Cooking up a tart’s spaghetti – online cookery class

Hi everyone! Join me and cook along as I cook one of Italy’s most loved pasta dishes, spaghetti alla puttanesca or tart’s spaghetti.

As we cook, we’ll be taking a journey through the Spanish Quarter in Naples, delving back into the history of spaghetti and taking a general look at what pasta means to those who eat it. It’s a fascinating tale of kings, wheat, foreign invaders – and there’s a car wash in Sicily too.

Set your table beforehand. Any checked tablecloth reminiscent of an Italian trattoria will do, or even just your favourite tablecloth. Don’t forget the bread – even when eating pasta, Italians still love their bread – just lay it on the table to break off.

This is one of my favourite go-to dishes, especially when I’m in a hurry and need to get something on the table quick. Plus I have the luxury of knowing that my kids will always ALWAYS eat pasta.

Ci vediamo là? (See you there?)

Date and time: Thursday 25 February, 6 pm UK time (duration: 60 mins)

Cost: 12 euro

Fancy a glass of Prosecco and a giggle with friends as you cook away and listen to stories of Italian food? Book privately for a group of friends – date and time to be arranged upon request.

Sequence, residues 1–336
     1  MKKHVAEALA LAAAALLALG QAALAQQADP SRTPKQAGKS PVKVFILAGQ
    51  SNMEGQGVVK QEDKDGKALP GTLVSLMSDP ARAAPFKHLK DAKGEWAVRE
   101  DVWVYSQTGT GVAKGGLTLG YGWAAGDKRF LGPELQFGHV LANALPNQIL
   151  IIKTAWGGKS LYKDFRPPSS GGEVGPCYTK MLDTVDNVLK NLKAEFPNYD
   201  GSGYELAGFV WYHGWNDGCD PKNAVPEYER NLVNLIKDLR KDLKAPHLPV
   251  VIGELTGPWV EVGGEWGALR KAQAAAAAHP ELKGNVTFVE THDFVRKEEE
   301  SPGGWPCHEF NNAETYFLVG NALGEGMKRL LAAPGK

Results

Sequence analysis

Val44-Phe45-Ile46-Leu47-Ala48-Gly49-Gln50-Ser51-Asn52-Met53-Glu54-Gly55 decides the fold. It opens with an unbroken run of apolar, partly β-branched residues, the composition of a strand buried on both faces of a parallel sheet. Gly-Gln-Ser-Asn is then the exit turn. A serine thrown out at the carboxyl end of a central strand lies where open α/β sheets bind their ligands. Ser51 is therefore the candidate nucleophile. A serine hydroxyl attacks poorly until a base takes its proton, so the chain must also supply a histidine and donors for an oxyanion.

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What others say…

“As a food obsessive (read: I’m greedy) I really enjoyed Rachael’s cookery session. As well as being knowledgable about Italian food, she encourages participants to get a feel for the ingredients and cook in a way that feels natural rather than prescriptive or too scientific. The class really sparked my creativity as a chef!” – Lizzie Cernik

“This was such a brilliant workshop! Rachael was warm and engaging and the session managed to be both fun and informative. I loved learning about the history of Italian food and getting tips on how to cook it better. And the best part? Getting to eat the results of it! Tastiest dish I’ve ever made too.” – Rae Ritchie

Spaghetti and sauce: online workshop for kids

We’ll be cooking spaghetti, making our very own fresh tomato sauce, busting spaghetti myths, exploring a bit of spaghetti history and learning a bit of Italian along the way. The emphasis is on both cooking and culture, so children will cook their own spaghetti and tomato sauce but also learn about the history of spaghetti and what it means to the people who eat it. I’ll encourage children to ask questions and get curious about Italian food in general. I’ll also teach them a few Italian words and phrases along the way. The aim is that children have fun with food and go away wanting to learn more, try out more recipes, and generally gain confidence in the kitchen. Allora bambini, ci facciamo due spaghi? (So kids, shall we make some spaghetti then?)

Date and time: Saturday 27 March, 11 am UK time (class duration about 60-90 mins)

Cost: 12 euro per household

Recommended age around 6-12 years

What others say:

“What a great way to spend a couple of hours, cooking the Italian way with my 9 year old son. Rachael was friendly, informative and fun plus the resulting spaghetti and sauce was delicious and was wolfed down by the whole family! Would highly recommend you spend some time cooking and chatting with Rachael.” Clare & Douglas